Foto's door Donald Schenkel

Sarah van der Pols, art amsterdam 2010

Bezoeker lopen langs de stand van Galerie Clement met werk van Sarah van der Pols.

Sarah van der Pols geeft presentatie in Izmir

6 t/m 15 december 2013
Ege Art Izmir, Turkey
Ege University Izmir
Samenwerking met de studenten van Ege University
Lezing door Sarah van der Pols

Sarah van der Pols aan het werk in Denizli

5 t/m 20 mei 2012
Intercultural Painting Project Denizli, Turkey
Cafer Sadik Abalioglu Cultural Foundation Samenwerking met de studenten van Pamukkale University
Lezing door Sarah van der Pols
Projectoverzicht zomer 2012 Sestosenso Gallery Roma

Two Drawings realized by Sarah van der Pols during the International Painting Project
Denizli, Turkey/ may 2012

Size of the drawings: 210 x 140 cm
Year: 2012
Technique: transparent sheets, pencil, pigment liner, acid free tissue tape, acrylic paint, graphite
and silk treads on Fabriano 300 grams natural white paper.

In the two large drawings Pamukkale Day and Pamukkale Night the transparent paper on which the people are drawn plays an important role. This transparent paper is a strong but also very vulnerable material, a material that can be easily torn apart. The transparent paper could be compared to the human body. Blood, bones and skin make the body solid but on the other hand, just like the paper it is
easily damaged.

In the drawings we meet people, a few adults and a child. A woman is lying on the ground as if she is listening to the earth. Another woman bends over to see what the lying figure is doing. The lines that come out of her body connect her to her surrounding. The main standing black figure overlooks everything like a guard controlling the night. On the right a man and a woman are starting to dance, there is tension in the air between them. Looking at the ground we find people buried underneath the soil, our ancestors seemingly present in this event. They watch over this celebration of energy during the night while everyone else is sleeping.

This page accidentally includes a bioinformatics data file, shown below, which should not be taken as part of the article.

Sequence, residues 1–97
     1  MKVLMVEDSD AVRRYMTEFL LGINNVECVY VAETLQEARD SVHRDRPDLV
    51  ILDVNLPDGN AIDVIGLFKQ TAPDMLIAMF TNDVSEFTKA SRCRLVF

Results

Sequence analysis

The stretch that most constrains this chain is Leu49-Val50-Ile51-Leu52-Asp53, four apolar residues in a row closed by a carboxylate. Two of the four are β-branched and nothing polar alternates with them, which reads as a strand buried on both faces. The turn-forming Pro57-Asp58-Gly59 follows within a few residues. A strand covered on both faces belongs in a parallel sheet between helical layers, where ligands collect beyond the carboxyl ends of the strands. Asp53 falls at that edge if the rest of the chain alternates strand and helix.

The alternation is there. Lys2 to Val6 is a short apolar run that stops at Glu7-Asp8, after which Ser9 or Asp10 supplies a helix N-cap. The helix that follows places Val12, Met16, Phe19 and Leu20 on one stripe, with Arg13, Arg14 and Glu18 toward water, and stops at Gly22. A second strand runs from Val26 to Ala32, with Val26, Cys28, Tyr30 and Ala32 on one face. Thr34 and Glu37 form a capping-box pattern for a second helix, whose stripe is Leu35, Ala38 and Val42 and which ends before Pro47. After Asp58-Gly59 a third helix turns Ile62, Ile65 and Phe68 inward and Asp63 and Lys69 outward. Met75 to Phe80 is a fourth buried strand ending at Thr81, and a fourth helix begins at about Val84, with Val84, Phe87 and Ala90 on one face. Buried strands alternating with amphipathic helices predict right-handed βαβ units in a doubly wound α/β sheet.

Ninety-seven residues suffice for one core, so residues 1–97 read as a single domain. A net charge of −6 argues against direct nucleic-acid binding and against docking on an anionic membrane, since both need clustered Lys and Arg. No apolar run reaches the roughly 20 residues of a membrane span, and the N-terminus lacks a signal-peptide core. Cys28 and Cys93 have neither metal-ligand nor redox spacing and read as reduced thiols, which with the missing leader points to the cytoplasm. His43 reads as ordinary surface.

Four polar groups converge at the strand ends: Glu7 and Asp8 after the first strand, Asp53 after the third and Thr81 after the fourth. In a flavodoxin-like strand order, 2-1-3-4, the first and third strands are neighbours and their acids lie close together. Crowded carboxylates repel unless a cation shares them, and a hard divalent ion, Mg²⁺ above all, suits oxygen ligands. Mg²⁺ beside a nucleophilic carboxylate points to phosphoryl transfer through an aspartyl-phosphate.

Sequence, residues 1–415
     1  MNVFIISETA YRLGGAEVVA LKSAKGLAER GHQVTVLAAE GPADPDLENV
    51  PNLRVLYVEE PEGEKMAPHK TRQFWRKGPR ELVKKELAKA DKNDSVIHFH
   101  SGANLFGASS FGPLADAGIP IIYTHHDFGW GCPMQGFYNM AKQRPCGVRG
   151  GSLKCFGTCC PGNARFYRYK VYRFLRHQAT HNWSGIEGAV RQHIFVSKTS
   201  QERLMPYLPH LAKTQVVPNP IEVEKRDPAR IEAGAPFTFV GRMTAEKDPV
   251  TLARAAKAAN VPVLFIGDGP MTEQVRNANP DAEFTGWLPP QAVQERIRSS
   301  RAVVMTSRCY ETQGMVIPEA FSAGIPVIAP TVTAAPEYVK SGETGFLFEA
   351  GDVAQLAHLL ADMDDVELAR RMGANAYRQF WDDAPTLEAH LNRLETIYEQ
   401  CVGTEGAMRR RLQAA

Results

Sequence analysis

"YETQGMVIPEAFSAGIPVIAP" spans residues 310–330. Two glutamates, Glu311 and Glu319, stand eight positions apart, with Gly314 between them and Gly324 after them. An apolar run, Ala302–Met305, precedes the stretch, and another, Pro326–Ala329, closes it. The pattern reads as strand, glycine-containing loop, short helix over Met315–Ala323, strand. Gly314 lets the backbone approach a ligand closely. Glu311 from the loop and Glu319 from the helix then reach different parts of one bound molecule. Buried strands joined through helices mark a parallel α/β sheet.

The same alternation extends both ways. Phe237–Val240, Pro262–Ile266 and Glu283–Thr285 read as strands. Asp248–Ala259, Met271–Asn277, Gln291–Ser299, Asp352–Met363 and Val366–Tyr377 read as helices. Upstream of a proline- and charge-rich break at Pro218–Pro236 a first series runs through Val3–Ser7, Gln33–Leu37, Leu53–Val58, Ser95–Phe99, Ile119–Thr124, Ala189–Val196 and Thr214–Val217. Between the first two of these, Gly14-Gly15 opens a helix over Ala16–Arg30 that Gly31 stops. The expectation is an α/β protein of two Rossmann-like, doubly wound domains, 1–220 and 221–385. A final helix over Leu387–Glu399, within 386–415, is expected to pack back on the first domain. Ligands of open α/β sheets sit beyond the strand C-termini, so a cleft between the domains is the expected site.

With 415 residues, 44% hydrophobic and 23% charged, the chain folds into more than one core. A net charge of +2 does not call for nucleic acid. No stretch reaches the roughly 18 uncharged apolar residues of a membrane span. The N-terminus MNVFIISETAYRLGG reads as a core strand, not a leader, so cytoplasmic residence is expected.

Numbers, arrows and lines are symbolic for the transformation of energy, while at the same time being a symbol for the incapacity of human beings to let go. People try to keep everything under control. We also need to let go and let nature do its work. We are all part of this inevitable process, being born, growing older and die. Try to pay tribute to life in the moment of the day.

The silk threads used also connect people and surroundings to one another. These threads are like the transparent paper, strong, but easily to cut trough. On occasion they refer to timelines.
In the end it is the concept that al energy transforms into new life forms.

Cultural history: in the background of the drawings you see Pamukkale Mountain. This is the place where in this edition of the Cultural Painting Project the energy of the people and their surroundings came together.